Hospital, cemtery or jail, woo--oo---oy!" Junior Reid
They say the truth is stranger than fiction. But sometimes, the fiction is truer than the facts.
Let me tell you a totally fictitious story.
|Don Noreiga de la Mavericko|
Once upon a time there was guy who changed everything. He was a cop who became a lawyer, but the whole way thru, he was what we shall call a facilitator. He made things happen. When he was around vibes was running.
It was good times. Even at university, while others feasted in Ramen and powdered juice, his house always had Hennessey. And when he returned from studying, while others were busy paying student loans, he was acquiring real estate.
His rise to wealth and fame was remarkable. His name was on everyone’s lips. But where others in his position would try to keep their head down, he decided to make hay from his fame. As a cop he had seen lawyers use knowledge of the law to break the rules and thwart justice. As a lawyer he saw that politicians were the ones who really made the rules. He decided to be Prime Minister. (And now you would see tings run.)
Everybody knows the story of the boy who tried to fly too high. Everybody but him.
|Where's my money, Rico? |
He was audacious. To say the least. Perhaps this is what endeared him to the hearts of many who were weary of the bullshit of politics as usual. Whatever it was, audacity led to Parliament, which led to Cabinet, where he was only a couple of steps away from his goal.
As often happens when men succeed in a dramatic and public fashion, he attracted some heat. People wanted to know how it was possible to rise so fast. There was no other answer for it except to say that his yeast was on steroids.
“People like to say these kinds of things,” he said once, to a future blogger. “The truth is that these other lawyers didn’t know how to bill the South Americans when they got in trouble. Peter Foster would bill for EC$50,000 when he got one of those clients. I billed US$400,000. For people like that, there’s no difference between fifty grand EC and four hundred grand US. It’s all chump change to them.”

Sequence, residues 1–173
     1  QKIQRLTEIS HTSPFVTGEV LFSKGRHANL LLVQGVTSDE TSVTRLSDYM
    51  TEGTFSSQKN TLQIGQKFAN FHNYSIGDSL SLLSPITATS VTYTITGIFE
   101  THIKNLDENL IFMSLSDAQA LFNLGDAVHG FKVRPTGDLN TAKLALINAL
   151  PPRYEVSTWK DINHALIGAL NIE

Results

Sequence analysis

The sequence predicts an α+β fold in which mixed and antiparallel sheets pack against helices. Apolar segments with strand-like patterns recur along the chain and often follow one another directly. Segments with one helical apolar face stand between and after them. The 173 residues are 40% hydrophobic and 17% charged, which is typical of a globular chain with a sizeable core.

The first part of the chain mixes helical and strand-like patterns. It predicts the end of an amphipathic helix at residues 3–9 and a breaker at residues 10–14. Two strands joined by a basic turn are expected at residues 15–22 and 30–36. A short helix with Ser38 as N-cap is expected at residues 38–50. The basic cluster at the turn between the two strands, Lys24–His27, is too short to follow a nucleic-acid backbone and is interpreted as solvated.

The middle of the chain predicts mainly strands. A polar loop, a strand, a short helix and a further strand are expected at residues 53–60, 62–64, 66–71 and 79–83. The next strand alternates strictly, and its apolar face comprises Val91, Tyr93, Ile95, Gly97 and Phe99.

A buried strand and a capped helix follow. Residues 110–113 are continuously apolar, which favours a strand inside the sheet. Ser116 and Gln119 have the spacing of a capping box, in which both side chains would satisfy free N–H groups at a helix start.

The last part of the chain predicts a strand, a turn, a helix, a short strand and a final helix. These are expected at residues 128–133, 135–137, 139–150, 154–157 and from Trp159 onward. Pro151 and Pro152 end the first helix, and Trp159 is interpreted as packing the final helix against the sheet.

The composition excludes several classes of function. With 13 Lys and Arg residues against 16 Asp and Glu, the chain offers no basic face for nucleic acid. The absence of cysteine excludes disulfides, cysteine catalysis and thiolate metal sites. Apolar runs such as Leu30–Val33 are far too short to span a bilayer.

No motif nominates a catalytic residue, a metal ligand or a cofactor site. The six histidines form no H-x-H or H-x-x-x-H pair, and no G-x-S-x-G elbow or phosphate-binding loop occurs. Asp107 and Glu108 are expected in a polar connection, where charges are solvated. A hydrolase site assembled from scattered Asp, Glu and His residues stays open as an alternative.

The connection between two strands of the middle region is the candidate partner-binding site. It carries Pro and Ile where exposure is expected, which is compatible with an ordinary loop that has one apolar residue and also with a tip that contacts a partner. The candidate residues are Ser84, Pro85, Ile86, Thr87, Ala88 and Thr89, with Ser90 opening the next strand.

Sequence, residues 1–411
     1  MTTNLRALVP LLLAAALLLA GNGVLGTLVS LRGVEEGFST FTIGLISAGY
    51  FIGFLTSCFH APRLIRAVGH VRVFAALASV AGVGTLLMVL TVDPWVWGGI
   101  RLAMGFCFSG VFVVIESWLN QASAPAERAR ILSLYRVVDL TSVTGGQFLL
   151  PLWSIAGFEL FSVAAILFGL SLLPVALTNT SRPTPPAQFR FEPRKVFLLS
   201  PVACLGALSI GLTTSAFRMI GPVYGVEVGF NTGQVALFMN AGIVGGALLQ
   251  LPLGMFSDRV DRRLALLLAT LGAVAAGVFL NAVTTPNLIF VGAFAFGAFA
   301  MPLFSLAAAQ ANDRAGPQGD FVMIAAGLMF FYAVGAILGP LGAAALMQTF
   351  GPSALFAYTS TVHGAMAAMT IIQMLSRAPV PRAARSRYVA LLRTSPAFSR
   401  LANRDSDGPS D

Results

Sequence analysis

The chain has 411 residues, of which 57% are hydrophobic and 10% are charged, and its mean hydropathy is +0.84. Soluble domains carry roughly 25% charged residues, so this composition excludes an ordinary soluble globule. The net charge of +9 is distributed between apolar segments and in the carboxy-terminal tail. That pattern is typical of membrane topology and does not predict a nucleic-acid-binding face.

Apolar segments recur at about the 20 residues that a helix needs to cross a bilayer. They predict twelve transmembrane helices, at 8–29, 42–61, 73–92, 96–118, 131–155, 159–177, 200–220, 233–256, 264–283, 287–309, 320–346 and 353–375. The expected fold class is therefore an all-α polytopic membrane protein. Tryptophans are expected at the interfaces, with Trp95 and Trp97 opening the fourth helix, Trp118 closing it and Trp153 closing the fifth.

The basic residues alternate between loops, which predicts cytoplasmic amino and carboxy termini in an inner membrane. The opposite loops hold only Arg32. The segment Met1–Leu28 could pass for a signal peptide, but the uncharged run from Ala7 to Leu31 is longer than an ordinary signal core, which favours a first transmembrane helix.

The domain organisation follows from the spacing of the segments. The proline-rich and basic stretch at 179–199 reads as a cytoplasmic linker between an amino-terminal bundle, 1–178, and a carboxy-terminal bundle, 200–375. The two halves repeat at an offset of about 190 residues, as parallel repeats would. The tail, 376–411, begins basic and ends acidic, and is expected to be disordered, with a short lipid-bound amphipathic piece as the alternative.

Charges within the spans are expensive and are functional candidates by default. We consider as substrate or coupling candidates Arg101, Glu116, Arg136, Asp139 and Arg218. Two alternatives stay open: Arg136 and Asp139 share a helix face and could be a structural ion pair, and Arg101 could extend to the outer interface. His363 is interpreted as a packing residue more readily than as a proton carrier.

|The boy who tried to fly too high|
And the building in town that was a Syrian-St Lucian property and suddenly fell into his hands while others who went to school with him were still battling their student loans?
“Won it gambling.”
Likely stories. True too. Except not the whole truth.
Foreign and international law enforcement agencies started getting worried. This name that was now ‘Honorable’ was on their lists. Lists of suspects, that is.
When the American Embassy is spreading rumours about you, you know you’re in some kaka.
But when you’ve gone so far and bet so much on your course of action, you have to commit. There is no turning back. He committed. He stuck to his guns and paid for everyone’s ammunition. We all should live our lives like that.
But we don’t. Unlike him and men like him, we are afraid of our true selves and are willing to be mere shadows of what we really are. We are more than awesome. We are awful. Among the greatest of us we count genocidal maniacs, rapists, perverts, incestuors, pederasts and pedophiles. And that’s just the kings, the presidents and the popes.
|How it ends - Que lastima...|
Men who never had power are like men who never could read. They don’t know the difference. They don’t even know what their options are. They don’t want to know. They are satisfied to work and eat and learn. But for men who have tasted power and appreciate its savour, there is no turning back. On ever, backward never, as George used to say.
That’s why Gaddaffi and Mubarak didn’t just take their billions and leave. That’s why Mugabe has that stupid fucking Hitler moustache. That’s why Cheney still insists that the Iraq invasion was a great idea. That’s why Dudus was still in Jamaica when they came looking for him.
That’s what lesser men don’t understand.
That’s what lesser men don’t understand.
There is no turning back. There is no redemption.
|How it ends, part dos...|
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